The value of a book, a song, or a work of art extends far beyond the price you pay for it. At least, that is our hope. That the goal is not racking up the sales, but in extending the message, the conversation, the potential of the words in the pages, or the ideas in a song or painting.
To me, the sale of a book is the start of an interaction, not the end of it. That we must look beyond sales charts. That inherently, this is about relationships and what we create together.
Next week, I am attending five events in New York City, all on the topics of publishing and writing. One is a panel I am a part of for the Tools of Change Conference, that explores the economics and outcomes of a local literary economy. In other words: how can we incur value from a community engaging with books and all that is held within them.
Preparing for the session had me thinking back to the days when I managed a small bookstore cafe that also served as an event space. The weekly poetry readings regularly had people spilling onto the street because they couldn’t fit inside. Back then, in the late 90s, the internet was slow and not yet an alternative or replacement for what we would do in real life at a cafe or in a bookstore.
The conversations that came up were not around bestsellers, not around author tours, not about pushing merch. It was exploratory. It was revelatory. It was, at times, argumentative. It was serendipitous. Leaving an open book on the counter would spark a conversation more often than not.
Over the years, we found that we needed to remove more of the shelves of books to make way for what people wanted more of: room to connect. In place of shelves went tables, as well as a small stage. We were able to rearrange the room for different events, it became one open space instead of rows. The place became more about open conversations, readings, bands, and clubs than it did about quietly wandering the aisles. This was the store:
In a way, my experience with this bookstore cafe seemed to mirror where the internet was taking us. For my life, the web has better connected me to people I am inspired by, people I want to have coffee with. It wasn’t about the sale of a book, but the conversation around a book.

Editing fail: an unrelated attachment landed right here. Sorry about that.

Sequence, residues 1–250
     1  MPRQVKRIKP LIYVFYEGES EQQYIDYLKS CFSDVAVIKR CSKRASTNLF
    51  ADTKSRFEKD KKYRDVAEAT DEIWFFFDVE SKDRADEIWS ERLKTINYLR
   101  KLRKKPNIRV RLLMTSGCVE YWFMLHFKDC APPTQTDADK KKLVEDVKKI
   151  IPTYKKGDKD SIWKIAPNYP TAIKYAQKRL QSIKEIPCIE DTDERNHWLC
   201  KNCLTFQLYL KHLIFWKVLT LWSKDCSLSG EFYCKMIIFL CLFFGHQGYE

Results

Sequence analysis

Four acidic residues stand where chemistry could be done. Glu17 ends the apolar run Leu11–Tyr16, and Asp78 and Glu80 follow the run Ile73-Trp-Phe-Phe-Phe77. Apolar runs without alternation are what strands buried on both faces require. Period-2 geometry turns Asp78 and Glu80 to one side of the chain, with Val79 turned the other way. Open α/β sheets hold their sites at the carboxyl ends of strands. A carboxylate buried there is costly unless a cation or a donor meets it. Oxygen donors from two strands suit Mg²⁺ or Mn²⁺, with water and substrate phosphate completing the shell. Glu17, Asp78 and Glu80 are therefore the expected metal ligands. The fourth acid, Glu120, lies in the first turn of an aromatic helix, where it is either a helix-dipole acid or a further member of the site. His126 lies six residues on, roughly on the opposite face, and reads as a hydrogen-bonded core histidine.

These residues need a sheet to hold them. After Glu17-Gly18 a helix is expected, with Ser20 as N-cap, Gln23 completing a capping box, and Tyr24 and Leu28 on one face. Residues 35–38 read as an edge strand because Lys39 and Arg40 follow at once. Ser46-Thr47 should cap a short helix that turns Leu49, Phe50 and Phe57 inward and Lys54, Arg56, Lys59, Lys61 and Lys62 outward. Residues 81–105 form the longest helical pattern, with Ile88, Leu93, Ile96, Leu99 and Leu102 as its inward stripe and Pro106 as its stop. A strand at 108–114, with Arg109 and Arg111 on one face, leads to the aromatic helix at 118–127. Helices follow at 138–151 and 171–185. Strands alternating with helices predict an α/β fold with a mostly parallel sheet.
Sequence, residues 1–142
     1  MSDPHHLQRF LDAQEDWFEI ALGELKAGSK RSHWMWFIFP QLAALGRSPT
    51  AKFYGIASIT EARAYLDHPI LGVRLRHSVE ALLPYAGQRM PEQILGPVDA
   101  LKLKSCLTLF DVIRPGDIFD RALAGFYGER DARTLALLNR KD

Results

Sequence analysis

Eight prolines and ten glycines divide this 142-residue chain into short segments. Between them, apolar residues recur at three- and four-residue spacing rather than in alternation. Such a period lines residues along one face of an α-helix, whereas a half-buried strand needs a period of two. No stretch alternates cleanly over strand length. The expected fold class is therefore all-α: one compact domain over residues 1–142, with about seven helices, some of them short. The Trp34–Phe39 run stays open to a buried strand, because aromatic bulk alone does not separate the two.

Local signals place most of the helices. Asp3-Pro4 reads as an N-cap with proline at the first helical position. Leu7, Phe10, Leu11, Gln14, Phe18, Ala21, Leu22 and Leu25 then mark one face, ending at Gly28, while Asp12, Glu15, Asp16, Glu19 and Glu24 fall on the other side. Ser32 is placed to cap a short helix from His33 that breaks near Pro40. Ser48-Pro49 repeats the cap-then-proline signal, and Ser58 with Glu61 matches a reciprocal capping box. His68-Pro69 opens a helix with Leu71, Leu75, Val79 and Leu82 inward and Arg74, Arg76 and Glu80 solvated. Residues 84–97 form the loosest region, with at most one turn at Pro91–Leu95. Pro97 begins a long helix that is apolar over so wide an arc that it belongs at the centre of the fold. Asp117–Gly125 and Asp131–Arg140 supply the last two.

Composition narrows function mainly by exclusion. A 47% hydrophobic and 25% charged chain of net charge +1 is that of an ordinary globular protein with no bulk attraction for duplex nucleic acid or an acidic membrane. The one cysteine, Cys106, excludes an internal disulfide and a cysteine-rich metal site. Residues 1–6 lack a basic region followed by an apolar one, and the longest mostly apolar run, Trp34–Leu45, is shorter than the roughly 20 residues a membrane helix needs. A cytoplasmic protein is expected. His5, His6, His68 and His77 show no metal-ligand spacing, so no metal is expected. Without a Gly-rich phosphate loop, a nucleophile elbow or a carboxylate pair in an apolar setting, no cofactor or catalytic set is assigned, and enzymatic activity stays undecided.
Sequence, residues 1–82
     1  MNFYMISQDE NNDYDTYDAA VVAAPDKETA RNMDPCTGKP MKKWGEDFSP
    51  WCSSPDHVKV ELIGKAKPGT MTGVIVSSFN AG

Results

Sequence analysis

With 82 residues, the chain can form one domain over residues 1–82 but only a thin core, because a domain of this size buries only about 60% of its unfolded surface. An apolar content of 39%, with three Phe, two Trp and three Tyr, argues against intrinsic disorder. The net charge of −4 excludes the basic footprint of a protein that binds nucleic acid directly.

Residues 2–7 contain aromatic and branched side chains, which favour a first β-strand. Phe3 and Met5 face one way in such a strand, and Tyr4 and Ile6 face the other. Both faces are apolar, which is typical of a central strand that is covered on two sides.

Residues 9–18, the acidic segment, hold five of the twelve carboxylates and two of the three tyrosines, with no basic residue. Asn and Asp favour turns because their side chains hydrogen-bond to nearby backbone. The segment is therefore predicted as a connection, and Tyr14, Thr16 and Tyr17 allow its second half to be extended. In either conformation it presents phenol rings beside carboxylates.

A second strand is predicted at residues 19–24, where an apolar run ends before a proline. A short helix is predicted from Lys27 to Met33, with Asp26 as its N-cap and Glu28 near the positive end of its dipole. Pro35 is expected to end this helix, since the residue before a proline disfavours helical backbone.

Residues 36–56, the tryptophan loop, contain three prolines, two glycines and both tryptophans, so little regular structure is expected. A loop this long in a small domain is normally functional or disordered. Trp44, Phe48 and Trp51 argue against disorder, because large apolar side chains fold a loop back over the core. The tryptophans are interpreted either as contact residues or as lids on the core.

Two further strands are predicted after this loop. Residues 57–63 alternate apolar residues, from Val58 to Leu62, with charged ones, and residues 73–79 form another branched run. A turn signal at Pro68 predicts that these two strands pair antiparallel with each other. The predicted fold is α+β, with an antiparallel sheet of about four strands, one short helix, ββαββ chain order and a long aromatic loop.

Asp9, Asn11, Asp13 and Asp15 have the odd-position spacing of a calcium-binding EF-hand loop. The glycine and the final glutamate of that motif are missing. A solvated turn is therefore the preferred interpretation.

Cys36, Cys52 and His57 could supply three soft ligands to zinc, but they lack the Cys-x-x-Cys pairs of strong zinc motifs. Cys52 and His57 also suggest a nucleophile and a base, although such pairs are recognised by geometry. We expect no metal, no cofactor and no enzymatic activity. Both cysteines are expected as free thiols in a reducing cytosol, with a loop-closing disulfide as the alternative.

In the next few days, my life will be filled with lots in-person conversations around books at these events:
Book^2 Camp, Feb 10
Author (R)evolution Day, Feb 12
Tools of Change for Publishing Conference, Feb 12 – 14
Association of Author’s Representatives event, Feb 13
Columbia School of Journalism Social Media Weekend, Feb 15 – 17
What I love is that the conversations I begin next week can be extended via social media and online connections.
And once next week passes, and these events are memories, I can STAY connected with the individuals I meet. No, it’s not the same as being in the same small cafe with them everyday. But then, I find I am meeting a wider range of people nowadays, and connecting with them wherever they are in the world.
I have been thinking a lot about this word: capacity. How, through books, ideas, information, art – we increase the capacity of what we can achieve, either individually or as a community.
Too often, we talk about writers and readers as two different types of people. But they are really part of the same process of creation. Yes, a writer creates. But when you read a book, when you learn, when you become inspired, that filters through you and affects your own actions and creations later on.
That the connection between writer and reader – the relationship – is something we need to encourage. That for a writer, a book’s life begins with an idea. From there, they begin writing, and eventually publishing. For a reader, the process is the same. Their connection to the book BEGINS when it is purchased and read.
We can be doing more to connect around these idea and expand our capacity to create. That is what I am hoping to discuss at these events next week, and extend online beyond them.